“New Jersey having been the central Theatre of the late war, and the scene of some of the most important military operations, which distinguished the american armies, and added new honors to their illustrious Commander; we are peculiarly induced to commemorate those brilliant exploits, which while they immortalised your name, afforded peace and security to the Inhabitants of the State.
“Adulation, Sir, we are as much indisposed to offer as you can be disinclined to receive: But while we add our voice to that of the world in celebrating your military achievements we cannot refrain from acknowledging the attention, which you have always paid to the laws of the State, and your inflexible perseverance, amidst all the dire necessities of war, in preferring the rights of the Citizen to the convenience of the Soldier: Thus while equal to the most renowned warriors as a Hero, you have proved yourself superior to them as a Citizen.
“As New Jersey was early, and unanimous in adopting the constitution, under which you rule; as every voice called you forth to the office of Chief-Magistrate, and every Person looks up to it and you, for protection, prosperity, and good government; we may, we trust, assure you that the Citizens of this State will, to the utmost of their abilities, ever strengthen and support you in the discharge of your high and momentous trust.
“We have reason to adore the divine Providence in raising up for us a Leader and Ruler so perfectly suited to our situation and circumstances; and sincerely believe that great and important as your services have been, you will not derive more honor therefrom, than from your humility, and self-denial in modestly ascribing all, as you constantly have done, to the power and wisdom of the most high.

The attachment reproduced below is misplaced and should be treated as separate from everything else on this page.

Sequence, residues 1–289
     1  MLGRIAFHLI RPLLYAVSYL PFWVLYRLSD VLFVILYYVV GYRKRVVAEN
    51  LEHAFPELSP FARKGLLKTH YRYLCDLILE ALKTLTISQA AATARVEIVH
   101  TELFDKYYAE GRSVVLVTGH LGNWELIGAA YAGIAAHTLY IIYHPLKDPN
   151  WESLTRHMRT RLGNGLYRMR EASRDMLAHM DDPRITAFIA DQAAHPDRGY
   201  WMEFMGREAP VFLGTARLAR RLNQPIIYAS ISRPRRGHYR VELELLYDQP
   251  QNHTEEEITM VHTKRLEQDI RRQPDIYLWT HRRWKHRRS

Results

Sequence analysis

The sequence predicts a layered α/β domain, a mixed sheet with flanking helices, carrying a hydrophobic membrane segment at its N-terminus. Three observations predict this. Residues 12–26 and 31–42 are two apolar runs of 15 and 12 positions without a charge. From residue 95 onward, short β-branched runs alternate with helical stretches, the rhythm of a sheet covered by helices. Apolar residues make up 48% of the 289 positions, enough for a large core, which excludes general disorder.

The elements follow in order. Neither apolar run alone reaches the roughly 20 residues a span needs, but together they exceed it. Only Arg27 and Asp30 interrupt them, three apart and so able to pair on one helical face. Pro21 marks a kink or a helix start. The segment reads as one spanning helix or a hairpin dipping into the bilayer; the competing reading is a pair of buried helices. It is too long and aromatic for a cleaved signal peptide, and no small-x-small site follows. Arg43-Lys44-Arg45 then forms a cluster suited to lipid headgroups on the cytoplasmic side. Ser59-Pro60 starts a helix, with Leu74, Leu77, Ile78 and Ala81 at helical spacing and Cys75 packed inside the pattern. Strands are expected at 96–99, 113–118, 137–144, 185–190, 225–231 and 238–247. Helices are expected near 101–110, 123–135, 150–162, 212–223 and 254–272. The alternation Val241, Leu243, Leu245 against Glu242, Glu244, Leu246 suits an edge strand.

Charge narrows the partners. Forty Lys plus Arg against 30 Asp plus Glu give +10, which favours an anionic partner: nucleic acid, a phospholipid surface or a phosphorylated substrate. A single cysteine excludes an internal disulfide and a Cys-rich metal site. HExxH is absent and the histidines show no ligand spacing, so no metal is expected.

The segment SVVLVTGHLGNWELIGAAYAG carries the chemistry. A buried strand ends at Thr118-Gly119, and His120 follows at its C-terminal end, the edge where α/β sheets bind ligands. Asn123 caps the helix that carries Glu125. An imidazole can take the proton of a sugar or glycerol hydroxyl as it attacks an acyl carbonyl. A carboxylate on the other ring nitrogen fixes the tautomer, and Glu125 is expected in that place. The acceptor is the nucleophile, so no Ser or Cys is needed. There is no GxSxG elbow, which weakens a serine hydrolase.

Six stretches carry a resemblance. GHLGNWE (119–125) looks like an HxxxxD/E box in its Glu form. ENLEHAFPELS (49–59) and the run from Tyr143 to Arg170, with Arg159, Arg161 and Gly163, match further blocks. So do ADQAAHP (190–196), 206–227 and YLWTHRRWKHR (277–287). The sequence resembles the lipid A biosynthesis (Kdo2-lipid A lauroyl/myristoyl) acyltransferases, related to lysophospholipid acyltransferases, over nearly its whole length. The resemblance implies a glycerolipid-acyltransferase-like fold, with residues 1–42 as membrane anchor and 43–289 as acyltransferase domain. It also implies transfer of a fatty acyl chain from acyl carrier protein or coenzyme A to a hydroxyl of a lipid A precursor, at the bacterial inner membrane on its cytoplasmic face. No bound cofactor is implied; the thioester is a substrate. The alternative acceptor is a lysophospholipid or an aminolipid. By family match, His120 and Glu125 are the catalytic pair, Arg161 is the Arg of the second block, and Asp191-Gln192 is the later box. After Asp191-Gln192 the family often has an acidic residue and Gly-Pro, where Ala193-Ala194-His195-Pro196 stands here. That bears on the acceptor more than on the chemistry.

“We earnestly pray that the same kind providence, which hath conducted you with so much honor to yourself, and such unspeakable felicity to the Public, may long continue you a blessing to the United States in your present important office; and at last crown you with that palm of victory, which is promised to those, who by divine assistance, shall finally prove to be more than conquerors” (DLC:GW). New Jersey Governor William Livingston and John Beatty, Speaker of the New Jersey House, presented the address to GW on 4 December. Both the address and GW’s reply were printed in Gazette of the United States (New York) of 5 December. The legislature being in recess, GW’s reply was presented to the next session of the House on 20 May and the Legislative Council on 21 May (Votes and Proceedings of the Fourteenth General Assembly of the State of New-Jersey. At a Session begun at Perth-Amboy on the 27th day of October 1789, and continued by Adjournments, Being the second sitting [New Brunswick, 1790], 9; Journal and Proceedings of the Legislative-Council of the State of New-Jersey, in General Assembly convened at Perth-Amboy on the Twenty-seventh Day of October, One Thousand Seven Hundred and Eighty-nine [New Brunswick, 1790], 6-7).
A version of the New Jersey address in Livingston’s writing with somewhat different wording and dated 7 Dec. 1789, is in the Archives Section, Division of Archives and Records, New Jersey Department of State.